October 30, 2007

History, MEM's, Odds & Ends

"So why do we teach history to our children? Is it for the glow of pleasure we get when we hear their cherubic little mouths repeating the names and dates of all the kings and queens since Edward the Confessor, each battle they fought, every treaty they signed and every head they (personally) struck from renegade shoulders? Or is history principally about humanity? Understanding when leadership becomes tyranny and why holocausts and genocides happen?"
Beth Webb, author of the fabulous Star Dancer series talks about fiction having just as much importance as fact when children select books on historical fiction. Is there a such thing as misleading children with the fictional aspects of historical fiction?


OH. MY. Can you spot the SINGLE correct usage in this window?!






Harper Lee has been known for years as one of the most reclusive writers in our modern world. Her book was so timely a reminder of the realities of segregation and the equal rights struggle that she seems almost magical, or prophetic - she appeared when she was needed, and has virtually kept her silence ever since. Her Presidental Freedom Award means that she will soon get a chance to meet George Bush, and have a moment in the spotlight once more. Wouldn't it be something if she found something else timely to say to the nation again?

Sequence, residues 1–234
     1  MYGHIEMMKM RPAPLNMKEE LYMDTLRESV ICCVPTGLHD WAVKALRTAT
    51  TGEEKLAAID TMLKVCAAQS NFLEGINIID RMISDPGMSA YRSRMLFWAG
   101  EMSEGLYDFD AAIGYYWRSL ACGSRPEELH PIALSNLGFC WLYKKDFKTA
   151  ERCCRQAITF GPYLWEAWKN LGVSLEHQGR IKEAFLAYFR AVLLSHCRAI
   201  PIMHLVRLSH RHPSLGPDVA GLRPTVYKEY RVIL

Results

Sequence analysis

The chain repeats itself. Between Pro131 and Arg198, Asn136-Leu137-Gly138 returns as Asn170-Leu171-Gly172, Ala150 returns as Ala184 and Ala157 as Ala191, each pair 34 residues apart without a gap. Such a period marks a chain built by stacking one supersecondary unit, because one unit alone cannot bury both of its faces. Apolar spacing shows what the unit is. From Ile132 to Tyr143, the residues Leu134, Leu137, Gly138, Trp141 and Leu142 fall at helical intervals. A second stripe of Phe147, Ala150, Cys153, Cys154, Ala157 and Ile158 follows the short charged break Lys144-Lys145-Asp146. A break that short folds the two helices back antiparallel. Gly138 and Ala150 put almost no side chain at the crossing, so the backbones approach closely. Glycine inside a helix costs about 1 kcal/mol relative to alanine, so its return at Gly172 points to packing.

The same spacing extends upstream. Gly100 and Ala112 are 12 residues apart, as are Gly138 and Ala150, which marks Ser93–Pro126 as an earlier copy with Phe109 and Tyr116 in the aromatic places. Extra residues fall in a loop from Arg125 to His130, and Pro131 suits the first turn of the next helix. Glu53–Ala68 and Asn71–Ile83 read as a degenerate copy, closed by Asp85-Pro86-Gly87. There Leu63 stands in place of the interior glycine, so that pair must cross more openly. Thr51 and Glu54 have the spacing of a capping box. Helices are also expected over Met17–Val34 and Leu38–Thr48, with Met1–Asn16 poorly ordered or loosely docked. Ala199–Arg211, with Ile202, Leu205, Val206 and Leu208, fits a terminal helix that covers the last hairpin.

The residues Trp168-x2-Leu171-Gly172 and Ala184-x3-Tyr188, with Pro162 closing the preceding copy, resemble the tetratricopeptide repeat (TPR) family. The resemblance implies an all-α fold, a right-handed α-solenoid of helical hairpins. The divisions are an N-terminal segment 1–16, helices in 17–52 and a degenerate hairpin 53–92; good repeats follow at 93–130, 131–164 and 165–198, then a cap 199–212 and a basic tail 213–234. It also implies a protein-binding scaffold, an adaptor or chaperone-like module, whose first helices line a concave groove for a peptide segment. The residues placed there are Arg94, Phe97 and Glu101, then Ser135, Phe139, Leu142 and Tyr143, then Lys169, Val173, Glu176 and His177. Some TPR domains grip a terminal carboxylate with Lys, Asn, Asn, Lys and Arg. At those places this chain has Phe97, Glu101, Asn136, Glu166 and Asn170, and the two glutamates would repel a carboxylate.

DON'T miss the great cynsations interview with the very complex and thought-provoking Pooja Makhijani. She is, reportedly, "slowly working on a YA novel." Much squealing here!


Oh, yeah, everybody's excited over the tree-topper at Seven Impossible Things Before Breakfast -- but do YOU have a Hanukkah bush? This would go with it perfectly.

4 comments:

Kelly said...

So an apostrophe just didn't goe with the "e" in sandwiches? I almost feel sorry for "sandwiches." It's so left out :(

Pooja said...

Awwww... thanks TadMack. Your cheerleading means so much to me!

Alkelda the Gleeful said...

Time for spraypaint, I think, to aid the grammar pixies in the ongoing struggle to liberate apostrophes.

A friend of mine who is a history major gets so wigged out over the inaccuracies in historical fiction books. She says, "I would rather they (the authors) just make everything up from scratch, rather than try to make things fit in the wrong way." I think it was The Secret Life of Bees, a book that had its own problems besides historical accuracy, that clinched it for her.

I had forgotten that Harper Lee was still alive. I admire her so much, and am thankful for To Kill a Mockingbird.

TadMack said...

Kelly, this sign made me do a complete double take walking down the street. Sad!!!

:) Pooja I can't WAIT to read your YA novel, though, seriously!

Alkelda, your friend is definitely not in the minority; most people are fact junkies, but I'll not forgot anytime soon hearing John Green speak. He said a writer must never "pursue facts at the expense of truth." I still am turning that one over in my brainbox.